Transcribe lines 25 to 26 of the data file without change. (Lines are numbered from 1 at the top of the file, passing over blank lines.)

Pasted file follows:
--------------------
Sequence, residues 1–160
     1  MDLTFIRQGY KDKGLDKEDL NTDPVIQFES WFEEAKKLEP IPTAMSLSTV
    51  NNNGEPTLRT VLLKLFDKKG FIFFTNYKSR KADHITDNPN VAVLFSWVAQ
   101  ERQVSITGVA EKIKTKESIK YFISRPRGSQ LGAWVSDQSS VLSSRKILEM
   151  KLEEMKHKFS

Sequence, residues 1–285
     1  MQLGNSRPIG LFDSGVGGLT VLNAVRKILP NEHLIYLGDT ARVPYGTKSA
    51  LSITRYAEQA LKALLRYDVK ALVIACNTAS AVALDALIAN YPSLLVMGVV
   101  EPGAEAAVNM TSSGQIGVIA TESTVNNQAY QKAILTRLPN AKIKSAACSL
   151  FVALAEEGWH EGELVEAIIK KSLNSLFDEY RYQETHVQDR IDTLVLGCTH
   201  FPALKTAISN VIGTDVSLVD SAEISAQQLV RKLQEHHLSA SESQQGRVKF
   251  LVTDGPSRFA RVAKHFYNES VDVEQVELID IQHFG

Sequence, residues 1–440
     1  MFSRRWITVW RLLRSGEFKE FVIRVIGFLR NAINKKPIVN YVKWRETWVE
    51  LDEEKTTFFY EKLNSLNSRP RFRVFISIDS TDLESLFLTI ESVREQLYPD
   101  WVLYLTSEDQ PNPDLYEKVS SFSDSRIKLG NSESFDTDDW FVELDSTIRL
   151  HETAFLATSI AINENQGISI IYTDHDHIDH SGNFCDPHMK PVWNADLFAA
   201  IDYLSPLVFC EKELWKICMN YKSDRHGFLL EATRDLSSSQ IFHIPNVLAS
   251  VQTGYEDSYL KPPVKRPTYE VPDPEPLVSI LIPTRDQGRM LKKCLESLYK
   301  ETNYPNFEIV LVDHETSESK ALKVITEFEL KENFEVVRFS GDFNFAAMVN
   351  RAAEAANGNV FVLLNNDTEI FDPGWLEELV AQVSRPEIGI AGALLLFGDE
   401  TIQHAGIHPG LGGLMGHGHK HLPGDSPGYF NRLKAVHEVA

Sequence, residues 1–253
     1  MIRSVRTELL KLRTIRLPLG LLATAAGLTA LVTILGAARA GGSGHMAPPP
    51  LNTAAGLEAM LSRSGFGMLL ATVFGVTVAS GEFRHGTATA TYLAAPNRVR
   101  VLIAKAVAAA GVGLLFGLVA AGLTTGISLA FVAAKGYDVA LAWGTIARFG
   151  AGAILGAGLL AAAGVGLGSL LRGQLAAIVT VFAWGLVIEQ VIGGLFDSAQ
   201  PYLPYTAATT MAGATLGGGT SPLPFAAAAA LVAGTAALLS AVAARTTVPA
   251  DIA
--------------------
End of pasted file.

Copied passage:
    51  LNTAAGLEAM LSRSGFGMLL ATVFGVTVAS GEFRHGTATA TYLAAPNRVR
   101  VLIAKAVAAA GVGLLFGLVA AGLTTGISLA FVAAKGYDVA LAWGTIARFG